The collision between two subway trains that injured dozens of people in Manhattan last week began with what has become a routine problem in New York City’s mass transit system — pranksters pulling emergency brakes.
All New York City subway cars are equipped with emergency brakes, Metropolitan Transportation Authority officials said, which means that most riders can suddenly stop a train as long as they can reach and yank the mechanism — often a dangling cord or handle.
Emergency brake vandalism has been on the rise for the past five years. For every time the brakes are used in response to a legitimate emergency, there are more than 50 instances where they are needlessly deployed, adding up to thousands of subway delays a year, according to data from the M.T.A., which operates New York City’s transit system.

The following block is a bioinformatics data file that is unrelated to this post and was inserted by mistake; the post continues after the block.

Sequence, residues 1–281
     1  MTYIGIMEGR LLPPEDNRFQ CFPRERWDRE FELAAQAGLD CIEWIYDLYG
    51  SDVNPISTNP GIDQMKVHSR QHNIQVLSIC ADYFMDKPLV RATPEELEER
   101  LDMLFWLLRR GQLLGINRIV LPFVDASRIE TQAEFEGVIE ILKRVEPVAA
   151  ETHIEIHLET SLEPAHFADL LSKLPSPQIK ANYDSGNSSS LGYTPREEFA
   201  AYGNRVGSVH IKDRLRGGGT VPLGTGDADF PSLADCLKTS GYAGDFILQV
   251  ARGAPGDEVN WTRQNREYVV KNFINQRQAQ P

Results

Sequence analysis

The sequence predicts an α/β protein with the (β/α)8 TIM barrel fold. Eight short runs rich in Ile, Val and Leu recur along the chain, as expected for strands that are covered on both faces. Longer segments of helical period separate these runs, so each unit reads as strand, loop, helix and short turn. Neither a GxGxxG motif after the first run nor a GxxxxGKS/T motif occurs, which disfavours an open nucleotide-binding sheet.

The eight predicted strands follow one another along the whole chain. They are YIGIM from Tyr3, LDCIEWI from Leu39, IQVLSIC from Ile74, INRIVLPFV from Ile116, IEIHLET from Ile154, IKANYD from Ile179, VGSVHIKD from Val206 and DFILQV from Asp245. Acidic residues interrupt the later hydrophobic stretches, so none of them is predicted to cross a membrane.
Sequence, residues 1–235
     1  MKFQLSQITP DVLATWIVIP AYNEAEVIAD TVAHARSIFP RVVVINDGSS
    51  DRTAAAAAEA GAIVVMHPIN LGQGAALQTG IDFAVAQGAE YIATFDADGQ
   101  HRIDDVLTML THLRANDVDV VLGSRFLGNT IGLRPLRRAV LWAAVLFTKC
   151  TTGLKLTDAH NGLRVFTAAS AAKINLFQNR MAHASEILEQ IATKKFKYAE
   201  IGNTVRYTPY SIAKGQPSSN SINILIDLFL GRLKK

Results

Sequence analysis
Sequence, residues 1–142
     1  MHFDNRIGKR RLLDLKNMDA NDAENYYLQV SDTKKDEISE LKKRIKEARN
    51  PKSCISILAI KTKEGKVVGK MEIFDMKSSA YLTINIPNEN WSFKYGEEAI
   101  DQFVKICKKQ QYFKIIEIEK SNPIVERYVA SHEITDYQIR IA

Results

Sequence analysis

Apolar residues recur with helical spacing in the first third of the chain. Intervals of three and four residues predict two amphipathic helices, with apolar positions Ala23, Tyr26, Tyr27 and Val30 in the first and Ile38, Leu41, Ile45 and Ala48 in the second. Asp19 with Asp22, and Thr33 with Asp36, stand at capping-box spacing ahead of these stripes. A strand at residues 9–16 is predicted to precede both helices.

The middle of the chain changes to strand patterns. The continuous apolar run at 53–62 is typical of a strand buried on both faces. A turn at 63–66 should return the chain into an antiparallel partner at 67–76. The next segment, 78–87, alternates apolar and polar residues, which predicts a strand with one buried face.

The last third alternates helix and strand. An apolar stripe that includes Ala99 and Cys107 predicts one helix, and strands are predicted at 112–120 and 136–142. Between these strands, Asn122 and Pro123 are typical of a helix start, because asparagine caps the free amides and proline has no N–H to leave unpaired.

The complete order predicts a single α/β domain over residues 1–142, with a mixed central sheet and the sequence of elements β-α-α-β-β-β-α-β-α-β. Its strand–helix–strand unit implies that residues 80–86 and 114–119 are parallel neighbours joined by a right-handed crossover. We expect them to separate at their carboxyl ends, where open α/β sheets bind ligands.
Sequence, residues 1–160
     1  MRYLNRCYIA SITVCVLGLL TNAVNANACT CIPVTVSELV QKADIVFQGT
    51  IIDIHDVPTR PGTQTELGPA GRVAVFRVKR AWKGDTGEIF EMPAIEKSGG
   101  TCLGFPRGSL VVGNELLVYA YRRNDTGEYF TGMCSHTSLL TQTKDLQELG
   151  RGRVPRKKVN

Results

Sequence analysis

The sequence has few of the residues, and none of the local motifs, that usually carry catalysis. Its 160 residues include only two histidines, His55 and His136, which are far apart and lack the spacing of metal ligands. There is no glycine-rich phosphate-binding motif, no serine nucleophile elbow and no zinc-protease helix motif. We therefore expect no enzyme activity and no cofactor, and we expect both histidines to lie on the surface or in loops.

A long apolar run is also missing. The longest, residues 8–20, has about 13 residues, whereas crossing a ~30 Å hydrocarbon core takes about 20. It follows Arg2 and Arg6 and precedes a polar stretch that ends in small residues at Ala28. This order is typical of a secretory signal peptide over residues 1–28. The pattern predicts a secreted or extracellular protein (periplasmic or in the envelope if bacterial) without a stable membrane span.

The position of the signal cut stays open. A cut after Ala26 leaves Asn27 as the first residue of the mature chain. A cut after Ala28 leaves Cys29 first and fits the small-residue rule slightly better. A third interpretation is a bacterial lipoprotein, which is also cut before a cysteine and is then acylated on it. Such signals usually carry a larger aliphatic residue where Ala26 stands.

In 2023, the agency counted 1,748 unjustified cases of pulled emergency brakes, which rippled through the subway system causing 7,365 delays. Only 30 uses were justified, the authority said. The number was down from 2022 but more than double the 2019 number, even as ridership has slumped because of the pandemic.
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